In accordance with the closing of the Borough of Manhattan below 14th Street, the National Museum of the American Indian's George Gustav Heye Center, located in the U.S. Custom House in lower Manhattan, will remain closed until further notice.  The Smithsonian's other facilities in New York City, including the Cooper-Hewitt, National Design Museum and the Archives of American Art, will also be closed today but expect to return to normal hours tomorrow.

14 September 2001
10:45 am: All staff email
President George W. Bush has proclaimed Friday, Sept.14th a National Day of Prayer and Remembrance for the Victims of the Terrorist Attacks. Our hearts and prayers go out to all the victims of this national tragedy.

As an institution with thousands of employees and volunteers, and with facilities in many states and many parts of the globe, it is impossible for us all to assemble in the same place.  Yet, we can all join in the same moment of mourning for those lost and gratitude for the countless acts of courage by so many.  Accordingly, at noon (EST) today, Friday, Sept.14th, we ask that all employees stop business as usual for an appropriate period of time to silently reflect on the events of this week.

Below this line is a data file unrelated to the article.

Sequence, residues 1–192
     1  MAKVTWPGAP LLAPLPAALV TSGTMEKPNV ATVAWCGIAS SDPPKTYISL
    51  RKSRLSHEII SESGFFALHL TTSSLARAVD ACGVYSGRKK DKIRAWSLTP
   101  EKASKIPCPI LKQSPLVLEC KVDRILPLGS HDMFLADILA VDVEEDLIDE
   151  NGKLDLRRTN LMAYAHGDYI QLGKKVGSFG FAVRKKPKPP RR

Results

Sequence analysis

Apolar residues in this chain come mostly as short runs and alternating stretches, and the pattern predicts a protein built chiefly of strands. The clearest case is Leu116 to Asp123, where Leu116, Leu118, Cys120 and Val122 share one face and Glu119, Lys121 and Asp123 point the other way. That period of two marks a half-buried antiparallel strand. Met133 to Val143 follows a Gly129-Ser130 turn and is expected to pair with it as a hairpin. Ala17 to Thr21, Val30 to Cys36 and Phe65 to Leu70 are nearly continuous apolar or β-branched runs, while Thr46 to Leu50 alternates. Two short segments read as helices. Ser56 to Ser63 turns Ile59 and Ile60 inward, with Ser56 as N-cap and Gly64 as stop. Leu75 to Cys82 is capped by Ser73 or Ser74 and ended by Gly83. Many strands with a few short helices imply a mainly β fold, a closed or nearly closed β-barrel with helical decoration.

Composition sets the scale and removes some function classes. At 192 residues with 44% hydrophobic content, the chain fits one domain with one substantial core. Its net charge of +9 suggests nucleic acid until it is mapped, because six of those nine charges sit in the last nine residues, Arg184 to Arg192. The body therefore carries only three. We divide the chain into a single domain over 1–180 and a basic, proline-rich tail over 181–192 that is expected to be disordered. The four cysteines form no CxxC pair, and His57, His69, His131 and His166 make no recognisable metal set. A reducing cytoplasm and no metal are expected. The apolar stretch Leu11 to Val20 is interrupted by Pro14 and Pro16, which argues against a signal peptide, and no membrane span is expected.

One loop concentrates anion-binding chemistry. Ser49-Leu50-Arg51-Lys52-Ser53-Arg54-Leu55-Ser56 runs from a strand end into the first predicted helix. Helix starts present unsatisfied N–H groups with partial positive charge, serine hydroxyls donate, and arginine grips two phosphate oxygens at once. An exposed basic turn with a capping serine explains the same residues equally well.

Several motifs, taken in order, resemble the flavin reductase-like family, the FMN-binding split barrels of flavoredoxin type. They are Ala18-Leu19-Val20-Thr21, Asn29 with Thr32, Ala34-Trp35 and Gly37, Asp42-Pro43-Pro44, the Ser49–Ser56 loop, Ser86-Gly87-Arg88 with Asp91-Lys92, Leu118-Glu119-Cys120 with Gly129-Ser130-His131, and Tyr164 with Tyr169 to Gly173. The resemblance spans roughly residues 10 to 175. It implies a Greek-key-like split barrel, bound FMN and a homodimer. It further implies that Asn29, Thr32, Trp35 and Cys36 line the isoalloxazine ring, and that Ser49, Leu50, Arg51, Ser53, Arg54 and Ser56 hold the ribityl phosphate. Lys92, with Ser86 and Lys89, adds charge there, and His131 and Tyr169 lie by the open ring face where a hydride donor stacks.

We are thankful that virtually all Smithsonian employees, including our colleagues in New York at Cooper-Hewitt, the Archives of American Art, Smithsonian Magazine and the George Gustav Heye Center, have been contacted and are safe and unharmed.  But because of problems with telecommunications in New York City, several employees have not yet been reached.  Efforts continue to do that.  Please keep our co-workers in your thoughts as they may well have family and friends affected by the tragedy.

We have decided to cancel the Board of Regents' dinner, scheduled for this Sunday in Washington, D.C., and have donated the food purchased for the event to the Red Cross. They will give it to support teams working at the Pentagon site.  Additionally, the flowers purchased for the Regents' dinner will go to the Red Cross and will be placed on the platform at the memorial service at Red Cross headquarters tomorrow.